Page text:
The first half is terribly slow and boring. To add to the viewers’ woes, the hero, Sunny Deol, has not taken care of his looks and costumes before he sports a turban and beard. In some scenes, his unshaven look (with a suit) irritates the audience. The pace picks up after interval and the drama gains momentum. Although the second half also lacks in novelty, the action and confrontation scenes between Saranjit and Bhoodev keep the viewers interested to an extent.
The upright Saranjit signing the papers under duress does not go down too well with the audience, more so because he is unable to save his wife’s life after compromising on his principles. In other words, his bending his principles may still have been digested if that could save his wife from the jaws of death, but when she dies, the compromise looks ridiculous. Besides, the entire drama looks oft-repeated. Also, Saranjit, Bhoodev and some of their cronies shout so much in the film that their confrontation scenes – which, incidentally, are the best thing in the film – will quite put off the multiplex audience. Even otherwise, the overdose of violence makes the film more for the masses and the single-screen cinema audience. There is hardly anything in it for the multiplex audience. Emotions are conspicuous by their absence. Shaktiman’s dialogues are better than his routine story and ordinary screenplay.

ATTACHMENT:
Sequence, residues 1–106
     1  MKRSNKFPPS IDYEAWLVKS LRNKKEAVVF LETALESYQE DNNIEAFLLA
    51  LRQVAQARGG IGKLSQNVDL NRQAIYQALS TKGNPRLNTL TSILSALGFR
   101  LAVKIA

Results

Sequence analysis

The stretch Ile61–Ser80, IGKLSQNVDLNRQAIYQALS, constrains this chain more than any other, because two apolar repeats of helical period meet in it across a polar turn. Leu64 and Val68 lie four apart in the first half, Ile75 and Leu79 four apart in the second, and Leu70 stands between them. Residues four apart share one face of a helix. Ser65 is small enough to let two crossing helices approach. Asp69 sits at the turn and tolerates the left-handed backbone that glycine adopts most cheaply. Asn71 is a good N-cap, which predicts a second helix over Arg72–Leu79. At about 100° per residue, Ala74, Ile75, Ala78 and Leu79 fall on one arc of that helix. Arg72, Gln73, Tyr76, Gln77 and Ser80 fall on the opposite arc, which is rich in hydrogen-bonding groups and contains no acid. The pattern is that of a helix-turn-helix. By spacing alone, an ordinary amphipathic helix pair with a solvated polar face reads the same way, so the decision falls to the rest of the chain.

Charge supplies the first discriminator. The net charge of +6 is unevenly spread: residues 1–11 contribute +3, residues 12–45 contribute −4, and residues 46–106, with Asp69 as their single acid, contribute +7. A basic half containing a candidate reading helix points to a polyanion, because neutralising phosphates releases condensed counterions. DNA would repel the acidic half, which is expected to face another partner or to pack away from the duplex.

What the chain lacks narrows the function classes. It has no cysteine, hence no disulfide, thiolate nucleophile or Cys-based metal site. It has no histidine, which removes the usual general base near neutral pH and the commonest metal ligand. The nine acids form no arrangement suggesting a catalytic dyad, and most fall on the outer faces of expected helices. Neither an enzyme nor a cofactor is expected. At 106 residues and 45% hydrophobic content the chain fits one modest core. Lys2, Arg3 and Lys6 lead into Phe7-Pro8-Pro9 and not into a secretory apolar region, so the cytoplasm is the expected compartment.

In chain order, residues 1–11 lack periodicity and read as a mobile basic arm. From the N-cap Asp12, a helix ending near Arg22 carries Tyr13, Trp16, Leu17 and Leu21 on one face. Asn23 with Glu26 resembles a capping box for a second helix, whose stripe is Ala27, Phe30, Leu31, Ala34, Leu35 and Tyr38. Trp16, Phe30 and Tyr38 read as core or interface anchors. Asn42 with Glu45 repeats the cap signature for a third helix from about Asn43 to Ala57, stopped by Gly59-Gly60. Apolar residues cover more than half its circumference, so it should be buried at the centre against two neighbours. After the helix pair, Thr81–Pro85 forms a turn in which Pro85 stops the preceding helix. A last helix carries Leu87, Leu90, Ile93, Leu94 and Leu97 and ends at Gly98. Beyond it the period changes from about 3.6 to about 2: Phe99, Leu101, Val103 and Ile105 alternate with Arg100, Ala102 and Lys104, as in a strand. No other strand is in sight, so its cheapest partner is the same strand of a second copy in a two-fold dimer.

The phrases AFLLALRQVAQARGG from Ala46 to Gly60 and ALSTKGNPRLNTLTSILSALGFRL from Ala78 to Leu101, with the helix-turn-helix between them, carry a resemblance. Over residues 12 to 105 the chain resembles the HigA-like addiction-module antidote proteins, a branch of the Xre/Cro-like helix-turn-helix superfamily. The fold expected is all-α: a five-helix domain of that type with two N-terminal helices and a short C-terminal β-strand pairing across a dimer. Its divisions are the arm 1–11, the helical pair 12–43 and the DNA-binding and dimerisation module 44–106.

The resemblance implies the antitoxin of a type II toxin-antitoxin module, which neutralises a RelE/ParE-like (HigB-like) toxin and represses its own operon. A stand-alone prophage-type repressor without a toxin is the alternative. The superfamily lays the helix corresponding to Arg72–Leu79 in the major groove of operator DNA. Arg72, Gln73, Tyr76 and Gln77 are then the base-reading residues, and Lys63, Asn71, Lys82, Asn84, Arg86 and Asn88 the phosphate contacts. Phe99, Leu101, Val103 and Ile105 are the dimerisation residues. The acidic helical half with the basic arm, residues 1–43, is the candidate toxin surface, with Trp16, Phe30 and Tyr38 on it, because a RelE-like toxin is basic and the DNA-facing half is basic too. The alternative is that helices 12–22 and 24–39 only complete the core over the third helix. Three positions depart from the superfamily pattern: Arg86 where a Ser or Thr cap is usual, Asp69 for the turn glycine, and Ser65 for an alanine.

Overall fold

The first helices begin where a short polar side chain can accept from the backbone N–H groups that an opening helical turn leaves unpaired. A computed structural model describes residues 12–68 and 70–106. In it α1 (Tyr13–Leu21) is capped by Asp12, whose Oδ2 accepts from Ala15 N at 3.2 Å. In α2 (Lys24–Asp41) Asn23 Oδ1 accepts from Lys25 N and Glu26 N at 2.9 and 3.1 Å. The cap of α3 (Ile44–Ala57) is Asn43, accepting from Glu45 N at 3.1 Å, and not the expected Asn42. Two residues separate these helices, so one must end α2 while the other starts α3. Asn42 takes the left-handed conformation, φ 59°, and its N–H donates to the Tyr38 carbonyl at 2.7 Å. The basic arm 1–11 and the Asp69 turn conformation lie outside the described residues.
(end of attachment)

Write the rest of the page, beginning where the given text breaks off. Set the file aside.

Sunny Deol breathes fire in action scenes and acts ably in the other scenes. But he now needs to be extra-careful of his looks and clothes. Debutante Urvashi Rautela looks good and does a fair job. Her dances are graceful. Prakash Raj is extraordinary as Bhoodev. His acting is exemplary and his sense of timing, perfect. Amrita Rao leaves a mark. Anjali Abrol makes an impressive debut as Simar. Johny Lever, Sanjay Mishra, Yashpal Sharma, Manoj Pahwa, Raj Premi and Amit Behl get limited scopes and are okay. Aseem Merchant makes his presence felt. Newfind Simran Khan adds oomph with her sexy dance in the item song. Shahbaaz Khan and Rajit Kapur, both in special appearances, are effective. Dharmendra and Bobby Deol’s brief appearances in a song-dance are good gimmicks.
Director Anil Sharma has ensured that the masses get their dose of action and to that extent, his direction is effective. But his choice of subject and lack of novelty in it and his over-emphasis on violence will keep the multiplex audience completely dissatisfied. Music (Anand Raaj Anand; title song composed by Sonu Nigam) is more functional than anything else. Sameer and Kumaar’s lyrics don’t add much to the songs. Rekha and Chinni Prakash’s choreography is okay. Monty Sharma’s background music is fair. Tinnu Verma and Kanal Kannan’s action and stunt scenes are targeted at the masses who will enjoy them thoroughly. S. Gopinath’s camerawork is fairly good. Jayant Deshmukh’s sets are okay. Editing (Ashfaque Makrani) is reasonably good after interval.
On the whole, Singh Saab The Great is a routine action and revenge drama for the masses only and has some chance in the single-screen cinemas, more of Northern India. Its business in the multiplexes will be weak. In the final tally, it will entail losses to several of its distributors.